The 21st century has posed new challenges for the Japanese society. Among them is deflationary mentality when a high standard of life and an increasing median age cause demand to fall. “Most people get comfortable and no longer buy goods. Consequently, they are no longer striving to earn and spend money and companies are less motivated to develop new products. All these caused stagnation in Japan”, — said Igor Saveliev. The balance is shifting from goods to services. Detail-orientation has given rise to a Japanese ‘quality mark’.
Among the biggest threat to the Japanese society, as experts agree, is aging population. Over 25 % of the Japan’s population are people aged 65 and over. Young people have to pay more towards the pensions and it can pose a threat to their well-being in retirement. The decrease in the workforce poses a question: who will work? Partly, advanced technologies can save the situation: artificial Intelligence is on the verge of penetrating every major industry, which, in its turn, generates huge challenges. For example, virtual reality is attracting more and more young people globally.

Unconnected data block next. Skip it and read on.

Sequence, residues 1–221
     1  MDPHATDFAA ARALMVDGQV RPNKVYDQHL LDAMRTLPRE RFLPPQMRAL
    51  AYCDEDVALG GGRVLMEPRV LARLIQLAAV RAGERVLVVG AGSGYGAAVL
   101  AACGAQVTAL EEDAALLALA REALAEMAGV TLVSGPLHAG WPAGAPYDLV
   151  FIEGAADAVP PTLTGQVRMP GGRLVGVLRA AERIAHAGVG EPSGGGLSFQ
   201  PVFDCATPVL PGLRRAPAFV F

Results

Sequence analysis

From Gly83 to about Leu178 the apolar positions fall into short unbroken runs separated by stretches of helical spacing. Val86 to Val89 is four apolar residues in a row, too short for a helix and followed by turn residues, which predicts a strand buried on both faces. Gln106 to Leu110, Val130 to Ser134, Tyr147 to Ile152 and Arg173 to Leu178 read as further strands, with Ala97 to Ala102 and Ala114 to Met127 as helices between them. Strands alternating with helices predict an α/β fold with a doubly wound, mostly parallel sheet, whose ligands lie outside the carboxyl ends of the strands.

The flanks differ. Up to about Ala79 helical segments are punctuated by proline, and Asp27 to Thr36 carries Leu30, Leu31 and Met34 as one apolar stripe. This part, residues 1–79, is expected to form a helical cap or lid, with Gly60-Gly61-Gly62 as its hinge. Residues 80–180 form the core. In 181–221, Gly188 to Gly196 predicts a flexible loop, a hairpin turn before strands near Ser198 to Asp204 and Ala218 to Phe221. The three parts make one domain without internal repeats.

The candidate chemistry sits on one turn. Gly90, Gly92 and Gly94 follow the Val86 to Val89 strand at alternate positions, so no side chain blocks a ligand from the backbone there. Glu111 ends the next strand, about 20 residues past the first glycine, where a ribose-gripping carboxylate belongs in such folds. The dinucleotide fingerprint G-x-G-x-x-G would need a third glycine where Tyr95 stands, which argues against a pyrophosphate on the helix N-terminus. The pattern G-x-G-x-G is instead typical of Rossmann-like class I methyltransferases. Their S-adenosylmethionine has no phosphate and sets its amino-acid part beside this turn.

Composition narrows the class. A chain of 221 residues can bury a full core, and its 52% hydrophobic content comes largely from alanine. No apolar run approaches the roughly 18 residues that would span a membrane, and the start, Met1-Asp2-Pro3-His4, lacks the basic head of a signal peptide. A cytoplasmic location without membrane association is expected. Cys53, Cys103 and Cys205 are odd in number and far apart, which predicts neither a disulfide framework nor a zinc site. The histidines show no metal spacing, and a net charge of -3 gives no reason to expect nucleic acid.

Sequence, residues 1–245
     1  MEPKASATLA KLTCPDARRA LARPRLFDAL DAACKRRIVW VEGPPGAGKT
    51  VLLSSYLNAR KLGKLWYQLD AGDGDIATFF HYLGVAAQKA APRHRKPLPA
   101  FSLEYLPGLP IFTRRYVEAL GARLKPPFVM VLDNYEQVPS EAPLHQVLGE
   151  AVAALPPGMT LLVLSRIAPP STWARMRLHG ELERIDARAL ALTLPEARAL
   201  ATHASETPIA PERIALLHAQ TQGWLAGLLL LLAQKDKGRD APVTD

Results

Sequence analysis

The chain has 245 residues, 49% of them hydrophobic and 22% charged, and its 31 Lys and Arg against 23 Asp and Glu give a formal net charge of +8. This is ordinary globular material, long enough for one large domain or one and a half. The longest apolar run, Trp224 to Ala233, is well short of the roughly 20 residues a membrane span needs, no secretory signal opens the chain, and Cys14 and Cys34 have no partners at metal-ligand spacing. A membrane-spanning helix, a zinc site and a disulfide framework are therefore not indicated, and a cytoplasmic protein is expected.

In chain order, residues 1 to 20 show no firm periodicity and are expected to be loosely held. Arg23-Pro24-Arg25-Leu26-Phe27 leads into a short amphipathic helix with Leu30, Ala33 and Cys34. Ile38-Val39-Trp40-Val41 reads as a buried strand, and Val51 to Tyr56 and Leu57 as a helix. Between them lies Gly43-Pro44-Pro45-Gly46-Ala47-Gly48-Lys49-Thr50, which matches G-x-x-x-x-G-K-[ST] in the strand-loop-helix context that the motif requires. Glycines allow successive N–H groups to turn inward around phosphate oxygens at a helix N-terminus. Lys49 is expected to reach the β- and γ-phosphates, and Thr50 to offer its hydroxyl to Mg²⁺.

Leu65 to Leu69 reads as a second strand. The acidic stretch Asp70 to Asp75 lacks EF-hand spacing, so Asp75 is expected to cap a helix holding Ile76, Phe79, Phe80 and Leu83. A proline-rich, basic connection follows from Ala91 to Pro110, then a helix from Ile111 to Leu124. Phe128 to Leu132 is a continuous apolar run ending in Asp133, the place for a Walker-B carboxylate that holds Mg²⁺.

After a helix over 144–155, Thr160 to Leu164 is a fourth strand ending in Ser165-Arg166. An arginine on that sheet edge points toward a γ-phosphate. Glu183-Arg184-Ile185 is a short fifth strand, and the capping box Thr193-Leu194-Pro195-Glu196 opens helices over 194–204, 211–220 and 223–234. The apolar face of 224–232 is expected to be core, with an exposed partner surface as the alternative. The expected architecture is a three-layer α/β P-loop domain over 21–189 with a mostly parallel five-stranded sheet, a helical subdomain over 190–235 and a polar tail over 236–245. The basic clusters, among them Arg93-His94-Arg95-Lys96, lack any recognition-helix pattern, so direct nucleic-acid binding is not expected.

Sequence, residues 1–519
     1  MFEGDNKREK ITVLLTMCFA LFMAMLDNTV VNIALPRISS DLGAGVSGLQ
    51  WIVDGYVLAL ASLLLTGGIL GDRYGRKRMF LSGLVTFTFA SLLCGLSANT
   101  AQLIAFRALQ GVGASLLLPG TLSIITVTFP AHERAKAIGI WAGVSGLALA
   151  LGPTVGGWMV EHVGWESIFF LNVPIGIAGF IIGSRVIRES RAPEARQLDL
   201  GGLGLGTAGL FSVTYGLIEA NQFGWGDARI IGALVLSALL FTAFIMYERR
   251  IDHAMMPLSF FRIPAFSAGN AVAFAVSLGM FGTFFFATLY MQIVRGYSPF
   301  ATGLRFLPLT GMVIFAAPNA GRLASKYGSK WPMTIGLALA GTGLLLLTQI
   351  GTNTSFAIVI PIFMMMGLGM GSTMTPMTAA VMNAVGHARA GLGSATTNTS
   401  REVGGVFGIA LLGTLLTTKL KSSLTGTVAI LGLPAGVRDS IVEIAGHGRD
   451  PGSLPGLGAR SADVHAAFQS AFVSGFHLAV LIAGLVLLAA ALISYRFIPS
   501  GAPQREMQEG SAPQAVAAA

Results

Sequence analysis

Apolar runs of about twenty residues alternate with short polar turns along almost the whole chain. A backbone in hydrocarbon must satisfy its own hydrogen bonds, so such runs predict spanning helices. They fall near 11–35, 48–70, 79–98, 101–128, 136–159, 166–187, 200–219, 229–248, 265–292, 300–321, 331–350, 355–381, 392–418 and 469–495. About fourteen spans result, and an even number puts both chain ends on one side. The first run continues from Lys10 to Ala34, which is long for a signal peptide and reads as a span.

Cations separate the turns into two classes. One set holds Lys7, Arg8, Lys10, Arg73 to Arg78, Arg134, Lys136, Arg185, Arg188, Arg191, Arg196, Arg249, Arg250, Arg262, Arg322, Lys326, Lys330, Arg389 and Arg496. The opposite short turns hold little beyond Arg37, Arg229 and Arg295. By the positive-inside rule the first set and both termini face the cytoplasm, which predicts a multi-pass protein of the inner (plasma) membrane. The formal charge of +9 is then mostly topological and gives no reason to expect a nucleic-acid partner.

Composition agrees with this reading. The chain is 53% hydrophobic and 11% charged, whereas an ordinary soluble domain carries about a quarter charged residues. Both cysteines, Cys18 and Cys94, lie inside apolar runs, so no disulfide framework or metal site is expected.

Laboriousness, modesty, and work-oriented attitude will ensure the well-being of the country and its people. Presumably, it will become more internationalized in 20 years, yet remain a country with the most advanced technologies, market economy, and stable society.
Igor Saveliev, an expert in the history of migrations in East Asia in the late 19th-early 20th centuries
Another lecture that was delivered by Professor Seko Sakabe from Nagoya University focused on the evolution of relationships between Japanese and the Ainu in the context of the history of kibori kuma.
Kibori kuma is an Ainu rural craft that consists of a wooden carving of a bear with a fish in its mouth (the bear is a cult animal for the Ainu).